Tom Stoppard
Wyndham’s Theatre

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Faye Castelow and Adrian Scarborough Credit: Marc Brenner
Adrian Scarborough and Luke Thallon Credit: Marc Brenner
Luke Thallon and Sebastian Armesto Credit: Marc Brenner

Sir Tom Stoppard is a unique creative genius and one might have expected that, as he advances through his ninth decade, the talent would slowly evaporate.

It is a pleasure to report that this meditation on Judaism from the perspective of a Viennese family is not far from his very best work, with parallels to The Coast of Utopia but also a Chekhovian twist.

As always, the playwright packs vast amounts of knowledge and research, not to mention great wit and humanity, into just over 2½ hours of playing time. Indeed, watching Leopoldstadt feels like the equivalent to reading a bulky, award-winning novel, both in terms of emotional impact and the information conveyed.

Patrick Marber directs a gigantic ensemble cast of all ages on a series of sets designed by Richard Hudson and all of which depict the family home of the Merz dynasty, which owes something to the writer’s own forebears.

The opening scene takes place at Christmas 1899, as the Jewish family struggles with its religious identity, attempting to assimilate into the high society of the Austro-Hungarian Empire by intermarriage with Catholics and Protestants.

The leading figure is the memorable Adrian Scarborough’s ambitious industrialist Hermann Merz, respected and despised by the denizens of empire and married to the beautiful but flighty Gretl, played with cool wit by Faye Castelow.

Showing how much more this family is than either merely Jewish or motivated by finance alone, much of the opening scene features intellectual discussion fired up by Ed Stoppard as earnest mathematician Ludwig, one of the evening’s many in-laws.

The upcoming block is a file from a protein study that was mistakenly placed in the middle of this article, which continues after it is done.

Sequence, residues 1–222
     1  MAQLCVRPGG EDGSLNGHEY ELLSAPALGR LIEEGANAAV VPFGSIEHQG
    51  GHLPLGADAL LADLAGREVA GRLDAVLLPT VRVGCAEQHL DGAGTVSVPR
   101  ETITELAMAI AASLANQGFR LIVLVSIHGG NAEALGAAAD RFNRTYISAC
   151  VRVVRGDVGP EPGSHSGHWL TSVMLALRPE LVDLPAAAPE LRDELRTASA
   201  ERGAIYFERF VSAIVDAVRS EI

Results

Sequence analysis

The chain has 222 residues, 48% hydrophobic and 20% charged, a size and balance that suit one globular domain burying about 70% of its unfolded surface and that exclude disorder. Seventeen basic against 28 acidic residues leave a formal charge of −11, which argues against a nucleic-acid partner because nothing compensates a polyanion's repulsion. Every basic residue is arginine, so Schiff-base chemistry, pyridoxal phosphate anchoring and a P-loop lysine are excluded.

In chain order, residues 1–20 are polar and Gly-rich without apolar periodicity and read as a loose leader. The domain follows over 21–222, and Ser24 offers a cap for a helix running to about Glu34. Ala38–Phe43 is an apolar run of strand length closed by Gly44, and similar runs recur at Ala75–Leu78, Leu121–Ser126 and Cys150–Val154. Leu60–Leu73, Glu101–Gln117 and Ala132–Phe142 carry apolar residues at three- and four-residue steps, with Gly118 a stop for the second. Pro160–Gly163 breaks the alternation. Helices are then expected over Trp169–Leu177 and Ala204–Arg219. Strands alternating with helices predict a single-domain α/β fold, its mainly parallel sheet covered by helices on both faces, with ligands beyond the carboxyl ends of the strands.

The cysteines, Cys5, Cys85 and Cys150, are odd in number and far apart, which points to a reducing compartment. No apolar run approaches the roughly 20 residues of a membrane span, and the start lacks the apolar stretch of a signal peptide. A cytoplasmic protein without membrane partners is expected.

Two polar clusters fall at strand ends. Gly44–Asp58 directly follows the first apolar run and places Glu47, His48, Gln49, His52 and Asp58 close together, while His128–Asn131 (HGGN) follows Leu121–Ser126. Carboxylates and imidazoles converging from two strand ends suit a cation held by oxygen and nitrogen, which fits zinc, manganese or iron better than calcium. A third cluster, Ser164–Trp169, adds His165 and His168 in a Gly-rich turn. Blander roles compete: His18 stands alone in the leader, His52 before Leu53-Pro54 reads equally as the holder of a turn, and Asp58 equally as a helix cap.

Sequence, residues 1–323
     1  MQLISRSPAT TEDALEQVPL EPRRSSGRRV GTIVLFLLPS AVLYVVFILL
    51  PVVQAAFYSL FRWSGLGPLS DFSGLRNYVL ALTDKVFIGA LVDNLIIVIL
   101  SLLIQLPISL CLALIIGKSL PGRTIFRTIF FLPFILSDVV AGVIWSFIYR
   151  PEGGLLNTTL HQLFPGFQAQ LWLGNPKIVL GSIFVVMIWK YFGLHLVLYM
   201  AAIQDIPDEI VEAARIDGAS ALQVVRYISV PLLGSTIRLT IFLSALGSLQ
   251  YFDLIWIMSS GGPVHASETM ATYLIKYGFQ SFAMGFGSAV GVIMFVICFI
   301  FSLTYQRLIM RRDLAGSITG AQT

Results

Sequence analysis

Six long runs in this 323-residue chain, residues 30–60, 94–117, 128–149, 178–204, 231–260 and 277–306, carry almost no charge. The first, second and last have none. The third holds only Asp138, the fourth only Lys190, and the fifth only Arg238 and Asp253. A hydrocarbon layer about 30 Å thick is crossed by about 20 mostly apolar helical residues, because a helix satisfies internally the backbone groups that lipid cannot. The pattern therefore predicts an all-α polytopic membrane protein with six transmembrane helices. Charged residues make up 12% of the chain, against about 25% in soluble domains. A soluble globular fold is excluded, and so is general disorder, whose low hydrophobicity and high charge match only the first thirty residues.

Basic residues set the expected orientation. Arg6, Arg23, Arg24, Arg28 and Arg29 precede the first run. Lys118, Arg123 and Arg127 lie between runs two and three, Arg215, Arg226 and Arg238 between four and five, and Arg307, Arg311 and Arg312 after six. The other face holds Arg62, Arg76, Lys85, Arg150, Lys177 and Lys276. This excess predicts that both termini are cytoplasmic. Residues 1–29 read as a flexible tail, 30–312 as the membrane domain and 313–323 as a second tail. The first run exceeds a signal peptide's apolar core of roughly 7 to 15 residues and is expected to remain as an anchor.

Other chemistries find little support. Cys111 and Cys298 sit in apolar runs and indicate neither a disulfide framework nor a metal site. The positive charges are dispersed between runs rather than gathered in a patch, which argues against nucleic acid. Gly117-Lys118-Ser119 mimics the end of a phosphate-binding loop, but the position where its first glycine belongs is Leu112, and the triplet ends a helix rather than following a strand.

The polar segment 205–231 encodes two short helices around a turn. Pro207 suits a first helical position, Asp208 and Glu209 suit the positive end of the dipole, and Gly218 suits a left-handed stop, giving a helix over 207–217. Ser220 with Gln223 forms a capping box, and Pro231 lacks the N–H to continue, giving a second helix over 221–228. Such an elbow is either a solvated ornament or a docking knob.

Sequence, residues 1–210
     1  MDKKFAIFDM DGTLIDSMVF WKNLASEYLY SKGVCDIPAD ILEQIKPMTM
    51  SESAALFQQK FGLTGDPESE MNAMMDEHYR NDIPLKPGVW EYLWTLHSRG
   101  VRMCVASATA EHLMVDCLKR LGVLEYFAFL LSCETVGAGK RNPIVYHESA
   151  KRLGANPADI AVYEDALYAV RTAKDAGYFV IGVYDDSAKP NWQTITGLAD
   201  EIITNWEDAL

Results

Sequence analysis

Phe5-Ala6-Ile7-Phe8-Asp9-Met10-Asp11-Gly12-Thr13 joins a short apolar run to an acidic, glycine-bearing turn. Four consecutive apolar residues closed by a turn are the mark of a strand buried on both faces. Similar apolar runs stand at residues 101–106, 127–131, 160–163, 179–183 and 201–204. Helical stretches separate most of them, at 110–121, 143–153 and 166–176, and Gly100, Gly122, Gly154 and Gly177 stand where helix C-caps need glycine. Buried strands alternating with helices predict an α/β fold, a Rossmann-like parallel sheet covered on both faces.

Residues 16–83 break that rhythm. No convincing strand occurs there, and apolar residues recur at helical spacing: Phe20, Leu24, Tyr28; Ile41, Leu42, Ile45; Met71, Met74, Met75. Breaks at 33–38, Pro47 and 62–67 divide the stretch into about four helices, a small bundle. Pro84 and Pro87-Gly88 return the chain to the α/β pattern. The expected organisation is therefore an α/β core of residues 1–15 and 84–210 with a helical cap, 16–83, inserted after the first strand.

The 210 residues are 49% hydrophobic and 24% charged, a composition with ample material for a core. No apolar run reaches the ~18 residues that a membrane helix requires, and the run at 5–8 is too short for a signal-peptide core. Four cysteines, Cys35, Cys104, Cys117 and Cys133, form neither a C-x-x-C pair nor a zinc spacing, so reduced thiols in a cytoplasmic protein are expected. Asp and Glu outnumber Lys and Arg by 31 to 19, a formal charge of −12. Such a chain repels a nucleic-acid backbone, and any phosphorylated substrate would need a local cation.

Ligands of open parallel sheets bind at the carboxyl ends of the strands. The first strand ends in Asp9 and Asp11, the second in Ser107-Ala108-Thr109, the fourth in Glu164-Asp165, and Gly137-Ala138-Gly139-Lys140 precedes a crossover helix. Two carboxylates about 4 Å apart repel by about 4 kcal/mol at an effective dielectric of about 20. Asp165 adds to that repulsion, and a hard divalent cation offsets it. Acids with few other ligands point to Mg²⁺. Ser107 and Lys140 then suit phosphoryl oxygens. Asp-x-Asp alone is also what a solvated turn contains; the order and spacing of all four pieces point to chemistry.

In true Stoppardian style, the conversation is wide-ranging bringing in Freud and Schnitzler as casually as a mathematical theorem or religious dispute.

A year later, appropriately if ironically the action moves from Christmas to a Passover Seder night celebration.

Although nobody realises, the Empire is enjoying its last great moments of influence as Hermann discovers the constraints permitted by ingrained anti-Semitism even to a convert who, admittedly ambivalently, no longer regards himself as Jewish. The limits are demonstrated all too clearly when his wife both literally and symbolically cuckolds the businessman with a proud army officer, Luke Thallon playing Fritz.

A jump to 1924 advances the story past a war that diminished a family whose influence was already on the wane. To show the passage of time, Gretl is still present in the ageing flesh but also stares down at the assembly in a school of Klimt portrait from her heyday.

Once again, conversation thrives, with talk about how, with German support, the business and the country will become great again, while the religious uncertainties continue to dominate.

The theatrical evening becomes considerably darker in 1938, as we and a bullying Nazi officer accompanied by his cohort land on Kristallnacht. Members of the once-powerful family literally cower, in denial despite the sterling efforts of a worthy English journalist portrayed by Sam Hoare to facilitate their escape to safety on this sceptred isle.

Viewers are likely to have been shocked and shaken by a realistic depiction of the terrors inflicted by the Nazis on innocent Jewish (even when only to a tiny extent) citizens.

This might have been the closure of the evening, but Sir Tom takes us forward to 1955 and what is not so much an epilogue as a post-mortem.

Back in the house, American Rosa played by Jenna Augen meets her nephew Nathan and second cousin Leonard (Leo), respectively Sebastian Armesto and the returning Luke Thallon. They painfully reminisce but also discuss what might have been had the Nazis closed the Austrian border even one day later.

Leopoldstadt is further proof of Sir Tom Stoppard’s unique place in British theatre, the script superbly enhanced by the efforts of Patrick Marber and his cast. It is a further reminder that there is nobody currently writing for the stage who can marshal ideas and vast numbers of characters with the same fluidity and clarity.

The great man has hinted that this may be his last play and, if it is, he could be bowing out at a series of award ceremonies delivery acceptance speeches after collecting Best New Play accolades. Anyone who sees this magnificent work must surely hope that he changes his mind.

Reviewer: Philip Fisher

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